As one example, the management module 136 may monitor the length of time that the swap has continued, and may send instructions to the electronic devices 102-1, 102-2 when the allowed time for the swap has expired to terminate the library exchange. In response, as one example, the interaction module 122 on each device 102 may delete any content items 106 that were downloaded as a result of the library swap and further may offer the opportunity for the user to purchase any of the content items that were downloaded during the swap or other content items included in the other user's library. For example, the interaction module 122 may present an interface that identifies any content items browsed or downloaded by the user and may further offer these content items for sale to the user.

Additionally, in other examples, the interaction module 122 on the electronic device 102 may monitor the length of time of the swap or the amount of content consumed, and may terminate the swap independently of the management module 136. For instance, the interaction module 122 may determine that the swap should be terminated, and may warn the user of the impending termination, such as by providing a countdown. To terminate the swap, the interaction module 122 and may remove the library information 138 of the other user from the device 102, delete any content items 106 downloaded during the swap, and instruct the presentation module 124 to provide the user with access to the user's own library on the device 102. The interaction module 122 may further inquire as to whether the user would like to purchase or otherwise acquire access to any of the content items browsed or downloaded during the swap.

Example Metadata

FIG. 4 illustrates an example metadata framework 400 according to some implementations. In this example, the electronic device 102-1 associated with the first user 112-1 received the content item 106a that the first user 112-1 downloaded through the library 114-2 of the second user 112-2. For example, the electronic device 102-1 may receive in the library information 138-2, and may use this information to generate a library interface 300 as discussed above with respect to FIG. 3, thereby providing the first user 112-1 with access to the second user's library 114-2.

In the example described above, the first user 112-1 selected the content item 106a from the library 114-2 of the second user 112-2 to download and read or otherwise consume on the electronic device 102-1. In addition, suppose that the second user 112-2, when accepting the invitation to swap libraries, agreed to provide the second user's personal annotations 402 with the swap. Consequently, the metadata 120 corresponding to the content item 106a may include the annotations 402 of the second user for the particular content item 106a. For example, the content provider computing device 110 may obtain the annotations 402 from the second user data 132-2 associated with the account 130-2 of the second user, as illustrated above with respect to FIG. 1, and may include this information in the metadata 120 included with the content item 106a provided to the first user 112-1.

The annotations 402 of the second user may include, for example, information to related to highlighted portions 404, corresponding to any portions of the content item 106a that the second user has highlighted; notes 406 that have been added to the content item 106a by the second user; or bookmarks 408 added to the content item 106a by the second user. The metadata 120 may further include position information 410 that may indicate a current position or furthest position that the second user has reached in the content item 106a. Additionally, the metadata 120 may include other metadata 412, such as language information for the content item 106a, information relating to parts of speech included in the content item 106a, and various other types of metadata.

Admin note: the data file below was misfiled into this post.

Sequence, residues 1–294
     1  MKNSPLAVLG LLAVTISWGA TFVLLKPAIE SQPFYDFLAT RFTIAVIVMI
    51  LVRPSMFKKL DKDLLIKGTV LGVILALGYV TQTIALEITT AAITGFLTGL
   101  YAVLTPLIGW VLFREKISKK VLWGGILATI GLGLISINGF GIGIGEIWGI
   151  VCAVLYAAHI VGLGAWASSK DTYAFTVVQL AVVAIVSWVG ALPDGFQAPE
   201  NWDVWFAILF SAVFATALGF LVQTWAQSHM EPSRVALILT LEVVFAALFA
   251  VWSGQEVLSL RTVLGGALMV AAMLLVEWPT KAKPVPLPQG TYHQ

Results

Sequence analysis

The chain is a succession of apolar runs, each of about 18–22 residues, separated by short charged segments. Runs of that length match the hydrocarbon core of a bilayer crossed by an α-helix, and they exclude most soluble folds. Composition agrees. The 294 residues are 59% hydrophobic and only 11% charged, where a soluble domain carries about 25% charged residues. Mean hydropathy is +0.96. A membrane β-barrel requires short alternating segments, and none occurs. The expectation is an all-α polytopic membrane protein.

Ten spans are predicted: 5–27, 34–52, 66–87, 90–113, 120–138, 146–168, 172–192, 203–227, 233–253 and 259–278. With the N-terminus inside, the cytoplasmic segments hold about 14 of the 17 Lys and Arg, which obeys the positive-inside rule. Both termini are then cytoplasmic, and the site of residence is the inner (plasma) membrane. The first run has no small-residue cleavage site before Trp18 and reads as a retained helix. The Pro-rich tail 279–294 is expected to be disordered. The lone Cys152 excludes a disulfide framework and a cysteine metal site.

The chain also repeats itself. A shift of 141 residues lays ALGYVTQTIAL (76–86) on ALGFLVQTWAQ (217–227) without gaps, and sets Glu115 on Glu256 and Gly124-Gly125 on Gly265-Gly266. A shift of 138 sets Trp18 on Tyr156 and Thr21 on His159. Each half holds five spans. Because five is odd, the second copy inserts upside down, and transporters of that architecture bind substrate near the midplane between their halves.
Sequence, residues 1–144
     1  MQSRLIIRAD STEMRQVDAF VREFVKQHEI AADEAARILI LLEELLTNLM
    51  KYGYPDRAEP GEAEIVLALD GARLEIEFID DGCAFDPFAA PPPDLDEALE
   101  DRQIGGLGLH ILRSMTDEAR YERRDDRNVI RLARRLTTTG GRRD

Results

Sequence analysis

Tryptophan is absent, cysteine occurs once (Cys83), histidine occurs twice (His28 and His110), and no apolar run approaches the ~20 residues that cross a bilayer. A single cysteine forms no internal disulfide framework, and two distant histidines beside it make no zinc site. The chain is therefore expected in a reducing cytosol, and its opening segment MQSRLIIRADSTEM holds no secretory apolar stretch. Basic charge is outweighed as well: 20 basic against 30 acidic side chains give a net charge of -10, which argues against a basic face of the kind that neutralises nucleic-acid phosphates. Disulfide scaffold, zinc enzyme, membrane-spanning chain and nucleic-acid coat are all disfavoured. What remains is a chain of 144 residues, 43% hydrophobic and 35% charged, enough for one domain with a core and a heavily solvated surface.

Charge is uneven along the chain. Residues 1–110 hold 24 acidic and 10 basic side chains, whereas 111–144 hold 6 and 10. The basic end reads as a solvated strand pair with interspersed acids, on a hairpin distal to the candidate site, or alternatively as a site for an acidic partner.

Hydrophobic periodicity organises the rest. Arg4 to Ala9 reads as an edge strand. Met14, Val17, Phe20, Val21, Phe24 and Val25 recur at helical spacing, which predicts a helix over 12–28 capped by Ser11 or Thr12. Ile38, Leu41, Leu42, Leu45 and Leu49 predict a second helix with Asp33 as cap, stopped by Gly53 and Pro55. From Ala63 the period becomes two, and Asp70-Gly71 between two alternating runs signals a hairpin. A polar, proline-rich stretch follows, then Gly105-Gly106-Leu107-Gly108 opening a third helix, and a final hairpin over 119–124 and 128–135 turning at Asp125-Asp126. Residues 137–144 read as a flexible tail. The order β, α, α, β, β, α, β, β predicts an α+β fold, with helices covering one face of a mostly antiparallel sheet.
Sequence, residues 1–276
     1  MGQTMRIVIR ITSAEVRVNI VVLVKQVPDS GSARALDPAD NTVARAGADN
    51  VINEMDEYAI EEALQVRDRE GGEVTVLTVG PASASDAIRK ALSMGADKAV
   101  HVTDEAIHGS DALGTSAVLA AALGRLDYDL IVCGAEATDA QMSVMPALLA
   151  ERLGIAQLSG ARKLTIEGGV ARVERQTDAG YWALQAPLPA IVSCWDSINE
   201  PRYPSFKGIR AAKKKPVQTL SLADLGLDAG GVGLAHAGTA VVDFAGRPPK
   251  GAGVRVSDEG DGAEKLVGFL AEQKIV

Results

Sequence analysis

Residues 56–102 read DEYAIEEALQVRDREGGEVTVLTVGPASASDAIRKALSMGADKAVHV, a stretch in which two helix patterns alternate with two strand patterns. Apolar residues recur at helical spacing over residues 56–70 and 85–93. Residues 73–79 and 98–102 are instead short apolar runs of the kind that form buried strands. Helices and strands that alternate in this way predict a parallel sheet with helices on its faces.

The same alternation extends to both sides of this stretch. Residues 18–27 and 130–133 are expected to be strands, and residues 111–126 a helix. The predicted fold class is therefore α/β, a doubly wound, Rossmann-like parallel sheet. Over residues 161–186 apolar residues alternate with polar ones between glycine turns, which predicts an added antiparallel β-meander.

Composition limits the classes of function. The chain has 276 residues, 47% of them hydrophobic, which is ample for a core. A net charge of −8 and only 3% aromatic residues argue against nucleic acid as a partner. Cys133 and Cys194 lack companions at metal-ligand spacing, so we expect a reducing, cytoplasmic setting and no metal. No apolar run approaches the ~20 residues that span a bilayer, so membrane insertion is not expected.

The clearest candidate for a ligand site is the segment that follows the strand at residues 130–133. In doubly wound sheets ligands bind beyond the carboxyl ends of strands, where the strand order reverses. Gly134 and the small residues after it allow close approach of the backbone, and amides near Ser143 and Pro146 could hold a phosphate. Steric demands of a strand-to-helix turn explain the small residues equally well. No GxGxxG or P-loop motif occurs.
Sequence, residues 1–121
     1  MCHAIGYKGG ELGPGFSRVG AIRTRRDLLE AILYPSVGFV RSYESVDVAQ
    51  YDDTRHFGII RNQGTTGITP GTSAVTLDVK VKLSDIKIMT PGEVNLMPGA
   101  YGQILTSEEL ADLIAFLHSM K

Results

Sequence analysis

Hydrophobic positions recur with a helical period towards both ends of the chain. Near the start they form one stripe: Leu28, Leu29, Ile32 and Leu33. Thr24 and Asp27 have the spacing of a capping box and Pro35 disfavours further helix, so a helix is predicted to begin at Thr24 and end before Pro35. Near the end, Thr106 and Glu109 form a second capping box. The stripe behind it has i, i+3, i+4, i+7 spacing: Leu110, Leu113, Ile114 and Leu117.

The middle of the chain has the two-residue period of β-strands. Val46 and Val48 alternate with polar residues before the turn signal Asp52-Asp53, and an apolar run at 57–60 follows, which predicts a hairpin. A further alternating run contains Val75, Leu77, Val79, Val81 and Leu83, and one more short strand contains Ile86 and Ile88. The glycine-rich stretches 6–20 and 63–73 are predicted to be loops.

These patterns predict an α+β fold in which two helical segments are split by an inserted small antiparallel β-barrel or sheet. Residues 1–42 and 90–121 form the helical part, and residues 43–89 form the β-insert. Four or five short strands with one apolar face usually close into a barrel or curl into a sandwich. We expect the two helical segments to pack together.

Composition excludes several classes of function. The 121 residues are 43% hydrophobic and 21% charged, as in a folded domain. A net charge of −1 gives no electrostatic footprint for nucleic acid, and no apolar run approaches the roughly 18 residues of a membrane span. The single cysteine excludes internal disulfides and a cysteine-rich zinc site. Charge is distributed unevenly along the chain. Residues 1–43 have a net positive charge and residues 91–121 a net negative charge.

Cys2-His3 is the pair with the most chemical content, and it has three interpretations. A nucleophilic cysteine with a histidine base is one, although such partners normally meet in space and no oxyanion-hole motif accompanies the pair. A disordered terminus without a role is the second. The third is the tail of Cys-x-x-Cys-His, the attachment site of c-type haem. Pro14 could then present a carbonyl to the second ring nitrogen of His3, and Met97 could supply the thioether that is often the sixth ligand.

In this example, the first user 112-1 may access the content item 106a on the electronic device 102-1 by causing the presentation module 124 to display the content item 106a on the display 126-1. When viewing, reading, or otherwise consuming the content item 106a, the first user 112-1 may be able to see any annotations 402 of the second user 112-2. Furthermore, if the second user 112-2 selected the option to allow the first user 112-1 to annotate content items in the second user's library, the first user 112-1 may also make annotations 414 to the content item 106a, which may be stored with the metadata 120 of the content item 106a. Further, any annotations 414 made by the first user 112-1, as well as position information 416 regarding any portions of the content item 106a read or otherwise consumed by the first user 112-1, the farthest point reached in the content item 106a, and so forth, may also be sent back to the content provider computing device 110 by the electronic device 102-1 and stored with the user data 132-1 of the first user 112-1.

Subsequently, after the first user 112-1 and second user 112-2 swap back to their original libraries, if the first user 112-1 decides to acquire the content item 106a for the first user's library 114-1, the annotations 414 and position information 416 for the first user 112-1 may be applied to the newly acquired content item 106a as if the first user 112-1 had accessed the content item 106a from the first user's library rather than from the second user's library 114-2. In addition, the annotations 414 of the first user and/or the position information 416 of the first user may remain with the metadata 120 of the content item 106a in the library 114-2 of the second user. For example, the second user may be able to see any annotations 414 made by the first user 112-1 during the library swap.